Beefly on target

I noticed this Greater Bee Fly (Bombylius major) hovering and darting about in the garden this week, it kept returning to the same spot after chasing off intruders to its airspace. I had my bird lens on so had a go at a few action shots…

This is my favourite one because it looks like the air narwhal is attempting to hit the bullseye with that impressive proboscis :dart:

If you love solitary bees, you might not like the idea of kleptoparasites but for me, a healthy population of solitary bees should attract parasites - it’s nature’s way of maintaining balance :yin_yang:

Here’s a video I shot of the less common Dotted Bee Fly (Bombylius discolor) when I was based in the Cotswolds:

Female Bee Flies are fascinating to watch, they hover over the nest holes of mining bees and flick their eggs into the entrance from a great distance. If you’re really observant, you might notice them collecting sand via their backend! The jury is out on why they do this but a couple of the most plausible theories are that they are collecting sand to use as weights to assist with the egg flicking or that they are using sand to help keep the eggs separate or to stop them drying out in some way. I actually managed to shakily film a different species of Bee Fly, the even less common Downland Villa Bee Fly (Villa cingulata), doing this a few years ago in Stroud Cemetery:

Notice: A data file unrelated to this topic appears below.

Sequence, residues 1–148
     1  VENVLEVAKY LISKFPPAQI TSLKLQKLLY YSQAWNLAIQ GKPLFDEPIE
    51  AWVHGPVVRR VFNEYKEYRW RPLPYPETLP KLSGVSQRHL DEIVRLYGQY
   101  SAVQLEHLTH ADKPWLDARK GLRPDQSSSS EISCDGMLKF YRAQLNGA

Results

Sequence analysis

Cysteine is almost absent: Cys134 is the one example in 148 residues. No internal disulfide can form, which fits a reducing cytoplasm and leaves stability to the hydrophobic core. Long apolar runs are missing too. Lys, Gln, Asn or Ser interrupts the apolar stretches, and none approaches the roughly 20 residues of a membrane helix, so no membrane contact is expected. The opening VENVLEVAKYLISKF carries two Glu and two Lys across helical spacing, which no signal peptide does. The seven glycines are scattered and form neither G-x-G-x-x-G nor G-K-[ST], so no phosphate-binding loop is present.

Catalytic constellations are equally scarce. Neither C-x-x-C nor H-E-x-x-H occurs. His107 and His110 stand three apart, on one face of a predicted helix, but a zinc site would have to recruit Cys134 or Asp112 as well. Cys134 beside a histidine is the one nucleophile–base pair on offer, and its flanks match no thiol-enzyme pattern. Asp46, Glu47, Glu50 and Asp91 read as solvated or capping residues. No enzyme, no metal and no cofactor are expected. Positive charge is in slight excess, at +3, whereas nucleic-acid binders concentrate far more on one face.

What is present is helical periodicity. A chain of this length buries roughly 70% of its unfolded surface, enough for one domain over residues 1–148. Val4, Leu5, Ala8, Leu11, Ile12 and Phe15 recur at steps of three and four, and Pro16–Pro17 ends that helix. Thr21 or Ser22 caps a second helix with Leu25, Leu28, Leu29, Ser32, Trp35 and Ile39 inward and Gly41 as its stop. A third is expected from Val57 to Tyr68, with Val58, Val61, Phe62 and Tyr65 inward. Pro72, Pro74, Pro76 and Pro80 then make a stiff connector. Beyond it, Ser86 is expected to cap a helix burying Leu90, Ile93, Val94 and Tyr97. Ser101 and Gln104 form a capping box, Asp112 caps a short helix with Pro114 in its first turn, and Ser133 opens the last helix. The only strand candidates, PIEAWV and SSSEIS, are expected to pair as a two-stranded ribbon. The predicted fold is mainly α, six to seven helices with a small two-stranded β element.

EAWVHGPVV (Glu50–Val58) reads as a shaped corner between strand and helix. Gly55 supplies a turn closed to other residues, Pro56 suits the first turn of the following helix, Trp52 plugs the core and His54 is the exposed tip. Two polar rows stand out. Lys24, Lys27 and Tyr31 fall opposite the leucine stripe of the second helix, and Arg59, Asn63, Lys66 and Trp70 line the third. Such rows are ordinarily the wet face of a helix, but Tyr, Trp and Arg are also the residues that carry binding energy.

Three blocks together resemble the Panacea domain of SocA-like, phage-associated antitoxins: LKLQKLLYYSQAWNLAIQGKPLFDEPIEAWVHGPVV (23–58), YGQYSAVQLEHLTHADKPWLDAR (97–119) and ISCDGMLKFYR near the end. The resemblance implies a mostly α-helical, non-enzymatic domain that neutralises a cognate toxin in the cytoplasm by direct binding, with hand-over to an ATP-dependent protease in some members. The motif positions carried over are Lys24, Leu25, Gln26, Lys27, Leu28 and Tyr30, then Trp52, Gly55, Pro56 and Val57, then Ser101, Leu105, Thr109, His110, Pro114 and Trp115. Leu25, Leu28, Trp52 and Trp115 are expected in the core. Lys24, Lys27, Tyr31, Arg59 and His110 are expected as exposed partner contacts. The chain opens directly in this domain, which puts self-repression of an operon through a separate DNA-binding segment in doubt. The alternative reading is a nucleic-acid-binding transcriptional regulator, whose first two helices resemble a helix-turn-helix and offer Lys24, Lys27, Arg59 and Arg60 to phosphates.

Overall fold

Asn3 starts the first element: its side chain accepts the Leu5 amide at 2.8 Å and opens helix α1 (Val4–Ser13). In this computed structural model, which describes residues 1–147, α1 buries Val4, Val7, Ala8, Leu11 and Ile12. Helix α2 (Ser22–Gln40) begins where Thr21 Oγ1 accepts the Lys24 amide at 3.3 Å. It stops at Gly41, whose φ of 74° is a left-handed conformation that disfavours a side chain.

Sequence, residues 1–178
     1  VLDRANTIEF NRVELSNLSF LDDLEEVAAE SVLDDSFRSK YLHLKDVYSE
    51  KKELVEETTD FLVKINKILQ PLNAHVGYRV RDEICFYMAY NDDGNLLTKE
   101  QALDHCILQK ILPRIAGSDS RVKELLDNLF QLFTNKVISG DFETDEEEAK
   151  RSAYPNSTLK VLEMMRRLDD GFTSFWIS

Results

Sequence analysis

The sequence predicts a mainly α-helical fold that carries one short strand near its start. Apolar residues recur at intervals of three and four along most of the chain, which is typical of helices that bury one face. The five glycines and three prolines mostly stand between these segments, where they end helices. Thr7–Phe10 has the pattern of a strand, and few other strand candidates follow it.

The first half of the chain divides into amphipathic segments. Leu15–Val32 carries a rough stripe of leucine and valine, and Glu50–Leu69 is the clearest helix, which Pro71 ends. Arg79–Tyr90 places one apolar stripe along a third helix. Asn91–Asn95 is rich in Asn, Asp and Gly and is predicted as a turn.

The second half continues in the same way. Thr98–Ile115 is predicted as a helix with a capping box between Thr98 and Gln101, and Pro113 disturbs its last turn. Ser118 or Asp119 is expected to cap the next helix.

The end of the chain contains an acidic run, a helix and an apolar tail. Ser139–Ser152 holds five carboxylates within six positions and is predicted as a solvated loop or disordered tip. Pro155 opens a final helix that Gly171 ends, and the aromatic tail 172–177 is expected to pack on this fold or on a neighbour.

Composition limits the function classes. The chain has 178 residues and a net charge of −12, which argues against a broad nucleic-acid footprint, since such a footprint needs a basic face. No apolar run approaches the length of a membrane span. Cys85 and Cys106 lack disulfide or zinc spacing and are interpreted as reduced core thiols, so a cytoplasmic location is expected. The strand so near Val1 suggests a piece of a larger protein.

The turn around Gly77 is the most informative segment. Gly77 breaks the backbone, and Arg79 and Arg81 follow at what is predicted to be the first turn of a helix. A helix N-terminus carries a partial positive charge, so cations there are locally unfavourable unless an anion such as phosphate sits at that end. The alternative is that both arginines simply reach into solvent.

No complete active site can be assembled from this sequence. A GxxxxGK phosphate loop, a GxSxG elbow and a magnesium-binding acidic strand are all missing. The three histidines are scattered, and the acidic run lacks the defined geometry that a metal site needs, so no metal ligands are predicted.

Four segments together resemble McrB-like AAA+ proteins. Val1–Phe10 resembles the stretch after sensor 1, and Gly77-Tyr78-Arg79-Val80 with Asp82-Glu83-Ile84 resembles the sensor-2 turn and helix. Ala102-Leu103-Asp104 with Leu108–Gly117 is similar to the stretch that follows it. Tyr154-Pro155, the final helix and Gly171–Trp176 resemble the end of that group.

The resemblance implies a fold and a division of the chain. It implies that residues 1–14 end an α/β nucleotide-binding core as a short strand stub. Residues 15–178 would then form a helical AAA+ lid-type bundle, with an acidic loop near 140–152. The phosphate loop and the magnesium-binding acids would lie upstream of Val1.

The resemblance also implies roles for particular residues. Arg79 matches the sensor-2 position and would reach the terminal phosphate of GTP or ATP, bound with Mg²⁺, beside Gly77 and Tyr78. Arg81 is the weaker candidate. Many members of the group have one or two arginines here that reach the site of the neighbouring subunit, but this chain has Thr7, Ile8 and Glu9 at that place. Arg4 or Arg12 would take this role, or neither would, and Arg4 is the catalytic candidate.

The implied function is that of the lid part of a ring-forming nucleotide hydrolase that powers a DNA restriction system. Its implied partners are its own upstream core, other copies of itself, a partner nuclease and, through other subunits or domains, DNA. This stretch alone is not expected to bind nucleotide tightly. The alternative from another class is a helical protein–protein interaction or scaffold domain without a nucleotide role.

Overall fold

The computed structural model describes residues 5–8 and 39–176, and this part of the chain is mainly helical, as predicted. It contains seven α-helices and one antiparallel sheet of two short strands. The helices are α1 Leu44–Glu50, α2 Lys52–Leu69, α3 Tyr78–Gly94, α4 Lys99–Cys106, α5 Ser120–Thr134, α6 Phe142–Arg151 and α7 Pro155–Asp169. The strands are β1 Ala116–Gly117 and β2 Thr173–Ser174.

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Great piece this. yes we have Dark-edged Bee Flies here and I’ve witnessed them flicking their eggs into the holes of several solitary mining bees that we have, specifically the Grey or Ashy Mining Bee, Buffish Mining Bee and the Green Furrowed Mining Bee nests. Fascinating stuff! I know we have rare pollinators here like the Hornet Mimic Hoverfly so I’ll keep my eyes open for your rarer Dotted Bee Fly! Great video btw! <3

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Ahh yes, I have seen/photographed Hornet Mimic Hoverflies around the Cotswolds. They were often seen in the wildflower area around Ecotricity HQ in Stroud.

Incidentally, just a few months after spotting the Downland Villa Bee Fly in Stroud and getting all excited about it, I actually found it while out walking our dog around North Cerney and then in my garden a few months later… it is a mysterious species and nobody knows why it disappeared or why it came back! It seems to be something to do with Minch Common or Daneway Banks in this area. Their host species is unknown still but is thought to be a species of moth, so perhaps ‘we’ got the habitat right for the host species?

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